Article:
The atmosphere of the earth is made up of a mixture of gases. This pool of gases behaves like a ‘filter’ and saves us from harmful radiation of the sun. In a group, these atmospheric gases behave as one unit which we label it as air. Since gravitational force of the earth attracts everything downward, the atmosphere carries its own weight as a result of this pull of gravity. Molecules in the air move randomly in all directions and this motion exerts pressure on all objects that come into contact with it. This pressure is known as atmospheric pressure. Near the earth’s surface, molecules of air are packed together and so the spaces between them are reduced, becoming denser. At the same time, the density of air decreases with the increase in altitude which is why a person feels difficulty in respiration as soon as he goes up.
Our atmosphere is divided into a number of layers based on chemical composition, temperature and function. Let’s discuss each of them.
Almost 99 percent of the weight of atmosphere lies within an altitude of about 30 km (20 miles).
Layers of the Atmosphere in relation to Chemical Composition
The atmosphere is divided into two regions i.e.,
- It is the outer region of the atmosphere.
- Starting from exosphere (also known as outer sphere), it comes down to about 80 km (50 miles) above the earth’s surface. An exosphere is almost a vacuum.
- This layer holds less than 0.001% of the entire mass of atmosphere.
- The upper part of this layer is within the orbit of International Space Station (ISS). Majority of the Space Shuttles also revolve inside heterosphere.
- The mixture of gases is unevenly distributed in the heterosphere.
- The upper heterosphere contains lightest elements like hydrogen and helium. Likewise, the lower part has heavier elements like nitrogen and oxygen.
- It lies beneath the heterosphere.
- It extends from 80 km (50 miles) downwards up to the surface of the earth.
- The mixture of gases is almost uniformly distributed in the homosphere.
- The density of gases varies quickly inside this layer.
Gases in the Homosphere (% age by volume)
Nitrogen (N2) | 78 %
Oxygen (O2) | 21 %
Argon (Ar) | 1 %
Carbon Dioxide (CO2) | 0.04%
Layers of the Atmosphere in relation to Temperature
The earth’s atmosphere is in the form of layers and each layer has distinctive temperature properties. Starting from lowest to highest altitude, these layers are:
- It is the lowermost layer of the earth.
- The boundary of troposphere varies. At the equator, this layer extends up to 18 km as a result of high temperature whereas at the poles, it ends at about 8 km (5 miles) above the surface of the earth.
- It is the principal layer where all life (layer of biosphere) exists.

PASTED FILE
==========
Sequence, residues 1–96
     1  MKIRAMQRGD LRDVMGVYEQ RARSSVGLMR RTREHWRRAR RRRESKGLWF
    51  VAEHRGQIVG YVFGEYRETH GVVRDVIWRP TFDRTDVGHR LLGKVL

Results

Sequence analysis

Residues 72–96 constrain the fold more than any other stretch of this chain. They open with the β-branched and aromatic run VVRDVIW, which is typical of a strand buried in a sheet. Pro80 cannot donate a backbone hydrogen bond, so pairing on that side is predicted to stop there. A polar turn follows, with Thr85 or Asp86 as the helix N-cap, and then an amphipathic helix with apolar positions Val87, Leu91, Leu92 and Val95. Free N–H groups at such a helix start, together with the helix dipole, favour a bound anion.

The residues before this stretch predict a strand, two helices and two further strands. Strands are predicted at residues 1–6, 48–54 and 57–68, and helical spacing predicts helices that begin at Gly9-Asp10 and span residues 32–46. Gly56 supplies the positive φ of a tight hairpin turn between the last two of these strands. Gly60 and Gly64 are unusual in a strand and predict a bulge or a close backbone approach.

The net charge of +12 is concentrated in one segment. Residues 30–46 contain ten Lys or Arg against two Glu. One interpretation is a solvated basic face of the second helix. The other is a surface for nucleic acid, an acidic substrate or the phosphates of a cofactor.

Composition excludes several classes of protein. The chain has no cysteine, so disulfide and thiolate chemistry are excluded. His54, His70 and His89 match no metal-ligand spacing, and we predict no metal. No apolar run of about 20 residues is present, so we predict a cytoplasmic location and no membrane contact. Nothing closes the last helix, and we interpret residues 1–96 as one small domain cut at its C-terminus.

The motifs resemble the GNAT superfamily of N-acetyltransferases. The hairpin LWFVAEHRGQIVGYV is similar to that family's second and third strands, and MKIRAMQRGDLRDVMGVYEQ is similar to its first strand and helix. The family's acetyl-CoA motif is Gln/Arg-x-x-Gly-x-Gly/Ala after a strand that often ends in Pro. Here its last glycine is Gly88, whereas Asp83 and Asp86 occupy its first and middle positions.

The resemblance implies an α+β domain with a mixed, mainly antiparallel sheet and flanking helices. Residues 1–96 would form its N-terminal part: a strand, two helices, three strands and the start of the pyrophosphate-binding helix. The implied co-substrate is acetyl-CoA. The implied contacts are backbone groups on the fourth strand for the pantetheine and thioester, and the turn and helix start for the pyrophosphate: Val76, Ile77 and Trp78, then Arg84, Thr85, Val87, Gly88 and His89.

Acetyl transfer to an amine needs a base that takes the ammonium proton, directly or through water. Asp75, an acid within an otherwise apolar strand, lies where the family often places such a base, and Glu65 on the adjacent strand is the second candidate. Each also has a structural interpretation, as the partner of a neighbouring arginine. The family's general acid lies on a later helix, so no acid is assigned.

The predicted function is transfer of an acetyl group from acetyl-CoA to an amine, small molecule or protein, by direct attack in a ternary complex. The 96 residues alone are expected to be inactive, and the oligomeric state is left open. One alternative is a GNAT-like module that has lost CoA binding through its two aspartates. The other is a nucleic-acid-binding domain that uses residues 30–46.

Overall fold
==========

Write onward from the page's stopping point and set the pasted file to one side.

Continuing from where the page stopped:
- About 90 percent of the mass of atmosphere lie in this region.
- Almost all the water vapors and clouds exist here.
- It is this layer of the atmosphere where weather exists.
- The temperature of air and density of oxygen molecules decreases with the increase in altitude within troposphere.
- The uppermost limit of troposphere is called tropopause (the suffix ‘pause’ meaning ‘to change’). Here the temperature is about -57oC (-70oF)
- This layer starts from 18 km above the earth’s surface and goes up to 50 km (11 to 31 miles).
- The uppermost boundary of stratosphere is called stratopause. Here the temperature is about 0oC (32oF).
- This layer starts from 50 km and ends at 80 km (30 to 50 miles).
- It lies inside the homosphere.
- The outermost boundary of mesosphere is known as mesopause.
- Mesopause is the most freezing region of atmosphere. The temperature here is about -90oC (-130oF).
- This layer is also known as heat sphere.
- The outermost boundary of thermosphere is called thermopause.
- The temperature of this layer is very high, extending up to about 1200oC (2200oF).
- In reality, thermosphere is not that hot as it appears.
Layers of the Atmosphere in relation to Function
- Ozonosphere (ozone layer)
- It is the outer layer.
- It is present all over thermosphere layer and also goes toward the layer beneath it i.e. mesosphere.
- It receives and absorbs quite a number of rays from the sun. The names of these rays are:
– Ultra violet radiation (shorter wavelengths)
– Gamma rays
– Cosmic rays
This layer absorbs these rays and then changes the atoms to the ions that are charged positively.
- It is part of stratosphere layer.
- This layer has high level of ozone. Ozone consists of three atoms of oxygen (O3) and absorbs ultraviolet rays. The ultraviolet radiation is very harmful for living organisms and ozone protects life on earth by absorbing these rays.